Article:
Review Summary: A too often overlooked album that borders on classic
Prong basically came together in the mid-eighties because a bunch of people that worked at CBGB’s wanted to start a hardcore band. After releasing a couple of independent albums they were noticed by Epic. They released a few albums under Epic, the third of which being Cleansing
, which saw Prong playing with samples and some industrial influences. Cleansing
was the closest Prong ever came to commercial success, and also the closest they ever came to a classic album. Prong will go down in history as one of those bands that will forever be an influence to more popular bands, which is too bad, because they put out some amazing records, with this one standing at the top.
Tommy Victor has always been Prong. Band members came and went, yet Tommy was always there. Prong was his baby. Their albums were always in his vision, incorporating the many genres he enjoyed into the songs. Some songs would be based in thrash (“Cut-Rate”), some in Groove (“No Question” and “One Outnumbered”), and sometimes even a reggae feel (The intro to “Broken Peace”). The ability to meld these genres is what set Prong apart from other bands with multiple influences. The one thing Tommy Victor has been always able to do, however, is write heavy songs with catchiness.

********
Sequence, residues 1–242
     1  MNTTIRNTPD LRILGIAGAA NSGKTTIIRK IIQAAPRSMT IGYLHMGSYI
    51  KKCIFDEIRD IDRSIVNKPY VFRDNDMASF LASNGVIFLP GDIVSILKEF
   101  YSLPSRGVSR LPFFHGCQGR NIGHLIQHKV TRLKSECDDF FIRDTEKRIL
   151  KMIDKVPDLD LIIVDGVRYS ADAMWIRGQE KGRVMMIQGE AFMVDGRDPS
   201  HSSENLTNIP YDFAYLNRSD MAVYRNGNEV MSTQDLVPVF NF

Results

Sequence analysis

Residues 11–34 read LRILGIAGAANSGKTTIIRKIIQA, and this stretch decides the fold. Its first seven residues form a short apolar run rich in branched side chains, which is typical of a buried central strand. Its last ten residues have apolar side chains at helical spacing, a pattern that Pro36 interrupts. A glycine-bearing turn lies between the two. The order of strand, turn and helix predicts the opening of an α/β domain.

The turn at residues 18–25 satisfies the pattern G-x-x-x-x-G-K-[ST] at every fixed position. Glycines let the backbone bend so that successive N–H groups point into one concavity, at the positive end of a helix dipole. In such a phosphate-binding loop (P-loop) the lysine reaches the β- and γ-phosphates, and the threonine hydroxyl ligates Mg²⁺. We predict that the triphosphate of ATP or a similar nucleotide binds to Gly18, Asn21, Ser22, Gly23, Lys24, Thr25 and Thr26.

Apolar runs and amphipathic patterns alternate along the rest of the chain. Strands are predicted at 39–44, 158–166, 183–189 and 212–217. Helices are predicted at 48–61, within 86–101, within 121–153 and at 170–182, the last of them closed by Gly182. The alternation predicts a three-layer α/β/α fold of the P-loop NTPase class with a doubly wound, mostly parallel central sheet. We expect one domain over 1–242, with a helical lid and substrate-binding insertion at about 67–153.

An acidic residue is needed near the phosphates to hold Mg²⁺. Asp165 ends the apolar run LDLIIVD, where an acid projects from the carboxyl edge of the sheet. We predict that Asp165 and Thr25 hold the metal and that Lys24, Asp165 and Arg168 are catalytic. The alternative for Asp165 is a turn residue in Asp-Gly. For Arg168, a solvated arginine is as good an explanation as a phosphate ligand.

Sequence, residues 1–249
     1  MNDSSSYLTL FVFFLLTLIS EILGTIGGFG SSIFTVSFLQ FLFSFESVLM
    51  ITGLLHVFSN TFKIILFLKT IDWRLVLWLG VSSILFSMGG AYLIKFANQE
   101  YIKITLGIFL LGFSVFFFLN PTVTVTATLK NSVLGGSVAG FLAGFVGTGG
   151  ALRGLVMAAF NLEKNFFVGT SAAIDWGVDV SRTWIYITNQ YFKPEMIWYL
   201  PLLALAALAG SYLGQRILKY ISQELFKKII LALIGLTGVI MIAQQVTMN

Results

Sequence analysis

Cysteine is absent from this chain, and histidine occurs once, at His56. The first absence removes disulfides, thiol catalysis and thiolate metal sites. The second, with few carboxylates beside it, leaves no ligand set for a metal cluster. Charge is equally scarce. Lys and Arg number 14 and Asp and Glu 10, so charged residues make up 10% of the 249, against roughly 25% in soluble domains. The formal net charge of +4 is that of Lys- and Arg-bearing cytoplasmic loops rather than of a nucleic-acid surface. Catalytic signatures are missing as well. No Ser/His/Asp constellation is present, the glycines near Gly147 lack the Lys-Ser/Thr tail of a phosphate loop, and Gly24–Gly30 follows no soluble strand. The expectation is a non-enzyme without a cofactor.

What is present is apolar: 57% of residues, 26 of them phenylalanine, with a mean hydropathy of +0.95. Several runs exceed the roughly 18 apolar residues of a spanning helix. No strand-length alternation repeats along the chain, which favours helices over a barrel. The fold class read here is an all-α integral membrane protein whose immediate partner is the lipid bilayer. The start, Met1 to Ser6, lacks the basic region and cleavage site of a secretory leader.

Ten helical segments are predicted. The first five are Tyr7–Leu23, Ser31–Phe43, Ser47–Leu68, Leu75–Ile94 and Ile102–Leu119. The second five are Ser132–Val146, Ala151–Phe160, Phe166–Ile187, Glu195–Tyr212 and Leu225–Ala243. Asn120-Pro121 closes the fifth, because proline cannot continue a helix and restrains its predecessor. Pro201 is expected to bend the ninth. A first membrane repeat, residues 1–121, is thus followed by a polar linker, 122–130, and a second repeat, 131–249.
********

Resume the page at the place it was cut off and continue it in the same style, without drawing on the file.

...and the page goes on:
The songs on Cleansing
are continually interesting, and has its share of stand-outs. “Whose Fist is this Anyway?” is strong headbanger with a mesmerizing guitar line to anchor the song. “Snap Your Fingers, Snap Your Neck” is the one song from Prong that most people have heard and for good reason; the bassline behind the song is undeniably catchy and the chorus explodes. “Home Rule” is a song that starts off almost like a track off an old school rap album, with bass and a man just talking, but very quickly picks up into a fantastic metal song.
What is make or break with most people is Tommy Victor’s vocals. He doesn’t sing songs, it is more less he angrily says things, which can turn many people off. If you don’t mind his vocals, or can at least get past them, then this album should be easy to digest. The production is definitely dated, with the cheap early nineties metal sound. One last thing that can detract from the album is the fact that, due to the mixing and production, the guitars start to sound monotonous.
Overall, this is a prime example of early alternative metal. The album contains a catchiness that makes the album very easy to listen to and very fun. Songs like “Cut-Rate” and “Whose Fist is This Anyway?” show off the heavier side of Prong and makes for a unique listen. No band has ever been able to sound like Prong and, if you can get into them, Prong will reward you with a very enjoyable listen.